Tax audits arising from marital property division or valuations
Readers of this law blog know that divorce changes an individual’s tax filing status. Generally, that post-divorce status might be indicated as single or head of household.
However, readers may not be aware of some of the problems that can arise after divorce, but pertaining to past jointly filed tax returns. In a worst-case scenario, a tax audit from the Internal Revenue Service might force former spouses to relive some of the more unpleasant aspects of their divorce.
Since the IRS often schedules audits for several months, the experience might seem prolonged. Applicable statutes of limitation also allow IRS officials to audit the assets of the former marital estate for even longer. After a divorce, that period is generally three years for an audit of the former couple’s finances. However, if the alleged inconsistency is over 25 percent, that limitations period might be extended to six years.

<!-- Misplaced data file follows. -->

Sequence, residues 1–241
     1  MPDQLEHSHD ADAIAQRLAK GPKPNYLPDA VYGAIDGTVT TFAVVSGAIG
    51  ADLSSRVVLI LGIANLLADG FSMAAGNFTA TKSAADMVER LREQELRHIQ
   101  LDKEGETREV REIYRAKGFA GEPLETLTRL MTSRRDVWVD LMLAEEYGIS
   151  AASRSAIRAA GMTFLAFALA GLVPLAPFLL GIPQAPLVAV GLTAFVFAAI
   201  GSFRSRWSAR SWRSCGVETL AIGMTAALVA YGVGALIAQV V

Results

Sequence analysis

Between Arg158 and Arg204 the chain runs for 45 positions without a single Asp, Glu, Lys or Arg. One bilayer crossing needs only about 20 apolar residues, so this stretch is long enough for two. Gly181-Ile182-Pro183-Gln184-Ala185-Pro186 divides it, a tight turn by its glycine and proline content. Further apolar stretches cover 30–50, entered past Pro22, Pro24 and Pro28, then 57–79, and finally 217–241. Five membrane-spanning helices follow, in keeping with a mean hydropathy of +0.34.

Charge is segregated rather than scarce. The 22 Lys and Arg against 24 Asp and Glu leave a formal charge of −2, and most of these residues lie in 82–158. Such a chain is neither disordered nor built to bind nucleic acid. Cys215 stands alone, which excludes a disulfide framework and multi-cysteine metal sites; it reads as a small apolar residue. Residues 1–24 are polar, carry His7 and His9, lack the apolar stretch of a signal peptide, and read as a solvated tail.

A divorce attorney might be able to help avoid this outcome. By working with forensic accountants and other experts to prepare an accurate valuation of the marital property, an attorney might be able to discover discrepancies. At a minimum, an inventory of the assets of the marital estate will help couples organize their finances. That organization could help expedite any subsequent questions posed by an auditing IRS official.
For example, in valuing a couple’s home and examining the terms of the mortgage, a divorce attorney might discover accrued property taxes or other liens on the house. An attorney might also have suggestions for a refinance or modification of the mortgage, in the event that one spouse will be taking sole ownership of the house after the divorce.
Source: Forbes, "Divorce Causes Tax Audits," Cameron Keng, Feb. 10, 2014